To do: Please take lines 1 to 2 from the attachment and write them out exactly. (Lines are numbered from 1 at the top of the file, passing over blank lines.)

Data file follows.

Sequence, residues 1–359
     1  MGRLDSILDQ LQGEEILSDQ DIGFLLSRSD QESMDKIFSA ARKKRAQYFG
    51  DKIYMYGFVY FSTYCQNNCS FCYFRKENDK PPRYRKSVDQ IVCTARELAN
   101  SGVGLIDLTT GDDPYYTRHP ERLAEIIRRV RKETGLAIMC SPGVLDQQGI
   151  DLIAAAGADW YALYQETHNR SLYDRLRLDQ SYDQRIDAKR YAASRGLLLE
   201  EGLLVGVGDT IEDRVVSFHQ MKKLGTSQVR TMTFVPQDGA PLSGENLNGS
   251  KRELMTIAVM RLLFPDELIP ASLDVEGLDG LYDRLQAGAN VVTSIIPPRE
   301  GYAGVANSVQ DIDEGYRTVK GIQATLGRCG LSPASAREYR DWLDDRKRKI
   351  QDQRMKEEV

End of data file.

Sequence, residues 1–359
     1  MGRLDSILDQ LQGEEILSDQ DIGFLLSRSD QESMDKIFSA ARKKRAQYFG